adjective, slower, slowest.
moving or proceeding with little or less than usual speed or velocity:
a slow train.
characterized by lack of speed:
a slow pace.
taking or requiring a comparatively long time for completion:
a slow meal; a slow trip.
requiring or taking a long time for growing, changing, or occurring; gradual:
a plant of slow growth.
sluggish in nature, disposition, or function.
dull of perception or understanding; mentally dull:
a slow child.
not prompt, readily disposed, or in haste (usually followed by to or an infinitive):
slow to anger; slow to take offense.
burning or heating with little speed or intensity, as a fire or an oven.
slack; not busy:
The market was slow today.
having some quality that retards speed or causes movement, progress, work, etc., to be accomplished at less than the usual or expected rate of speed:
a slow, careful worker; a slow road.
running at less than the proper rate of speed or registering less than the proper time, as a clock.
passing heavily or dragging, as time:
It’s been a slow afternoon.
not progressive; behind the times: a slow town.
dull, humdrum, uninteresting, or tedious:
What a slow party!
Photography. requiring long exposure, as by having a small lens diameter or low film sensitivity:
a slow lens or film.
(of the surface of a race track) sticky from a fairly recent rain and in the process of drying out.
adverb, slower, slowest.
in a slow manner; slowly:
verb (used with object)
to make slow or slower (often followed by up or down).
to retard; reduce the advancement or progress of:
His illness slowed him at school.
verb (used without object)
to become slow or slower; slacken in speed (often followed by up or down).
performed or occurring during a comparatively long interval of time
lasting a comparatively long time: a slow journey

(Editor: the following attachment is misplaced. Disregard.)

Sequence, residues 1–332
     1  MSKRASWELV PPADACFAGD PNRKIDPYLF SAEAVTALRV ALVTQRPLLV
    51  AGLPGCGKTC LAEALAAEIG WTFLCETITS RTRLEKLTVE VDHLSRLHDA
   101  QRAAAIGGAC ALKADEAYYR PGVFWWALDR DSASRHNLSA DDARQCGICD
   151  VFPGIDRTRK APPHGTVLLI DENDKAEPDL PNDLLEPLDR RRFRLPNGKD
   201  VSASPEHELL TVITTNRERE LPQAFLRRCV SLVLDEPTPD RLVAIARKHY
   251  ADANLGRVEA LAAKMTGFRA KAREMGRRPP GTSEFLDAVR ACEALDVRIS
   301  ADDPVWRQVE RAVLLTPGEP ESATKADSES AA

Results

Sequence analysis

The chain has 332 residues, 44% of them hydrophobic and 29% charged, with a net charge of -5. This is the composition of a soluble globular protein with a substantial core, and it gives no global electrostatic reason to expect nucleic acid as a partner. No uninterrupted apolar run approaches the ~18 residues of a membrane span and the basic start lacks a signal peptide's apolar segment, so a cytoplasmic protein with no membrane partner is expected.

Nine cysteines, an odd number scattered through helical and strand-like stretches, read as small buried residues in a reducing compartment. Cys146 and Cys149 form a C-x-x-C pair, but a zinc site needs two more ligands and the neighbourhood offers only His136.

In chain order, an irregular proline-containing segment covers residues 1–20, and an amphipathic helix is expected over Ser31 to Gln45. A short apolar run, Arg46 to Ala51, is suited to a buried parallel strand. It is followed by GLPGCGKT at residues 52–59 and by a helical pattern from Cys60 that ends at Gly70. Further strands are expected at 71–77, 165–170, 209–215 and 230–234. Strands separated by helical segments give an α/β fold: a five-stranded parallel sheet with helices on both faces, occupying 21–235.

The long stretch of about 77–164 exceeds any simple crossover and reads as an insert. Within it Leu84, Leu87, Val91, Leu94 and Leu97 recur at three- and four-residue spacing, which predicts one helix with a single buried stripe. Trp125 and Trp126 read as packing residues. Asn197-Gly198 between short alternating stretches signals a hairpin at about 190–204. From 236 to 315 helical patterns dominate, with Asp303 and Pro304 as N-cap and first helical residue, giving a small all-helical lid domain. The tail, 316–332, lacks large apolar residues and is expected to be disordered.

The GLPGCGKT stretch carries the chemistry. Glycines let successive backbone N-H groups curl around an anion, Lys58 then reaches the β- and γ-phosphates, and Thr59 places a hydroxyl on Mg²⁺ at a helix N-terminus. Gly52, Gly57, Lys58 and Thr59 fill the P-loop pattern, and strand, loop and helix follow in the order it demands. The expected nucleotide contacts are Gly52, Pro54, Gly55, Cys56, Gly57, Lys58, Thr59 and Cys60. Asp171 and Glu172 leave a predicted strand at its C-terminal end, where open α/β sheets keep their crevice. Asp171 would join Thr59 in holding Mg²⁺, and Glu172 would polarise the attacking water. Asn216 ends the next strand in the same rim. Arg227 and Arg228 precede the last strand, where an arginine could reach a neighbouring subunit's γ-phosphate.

characterized by lack of speed: a slow walker
(prenominal) adapted to or productive of slow movement: the slow lane of a motorway
(of a clock, etc) indicating a time earlier than the correct time
given to or characterized by a leisurely or lazy existence: a slow town
not readily responsive to stimulation; intellectually unreceptive: a slow mind
dull or uninteresting: the play was very slow
not easily aroused: a slow temperament
lacking promptness or immediacy: a slow answer
unwilling to perform an action or enter into a state: slow to anger
behind the times
(of trade, etc) unproductive; slack
(of a fire) burning weakly
(of an oven) cool
(photog) requiring a relatively long time of exposure to produce a given density: a slow lens
(sport) (of a track, etc) tending to reduce the speed of the ball or the competitors
(cricket) (of a bowler, etc) delivering the ball slowly, usually with spin
in a manner characterized by lack of speed; slowly
often foll by up or down. to decrease or cause to decrease in speed, efficiency, etc
noun, Informal. 1. a gradual building up of anger, as opposed to an immediate outburst: I did a slow burn as the conversation progressed. noun 1. a steadily penetrating show of anger or contempt slough Slowly increasing anger. It is often put as do a slow burn, meaning “gradually grow angrier,” as in I did […]
- Slow but steady wins the race
Slow but steady wins the race definition Consistent, effective effort leads to success. This is the moral of one of Aesop’s fables, “The Tortoise and the Hare.”
- Slow but sure
Gradual or plodding but certain to finish, as in Slow but sure this book’s getting written. This idiom was first recorded in 1562, although the idea is much older. A related phrase appears in the proverb slow and steady wins the race, which is the moral of Aesop’s fable about the race between a tortoise […]
- Slow channel-blocking agent
slow channel-blocking agent n. See calcium channel-blocking agent.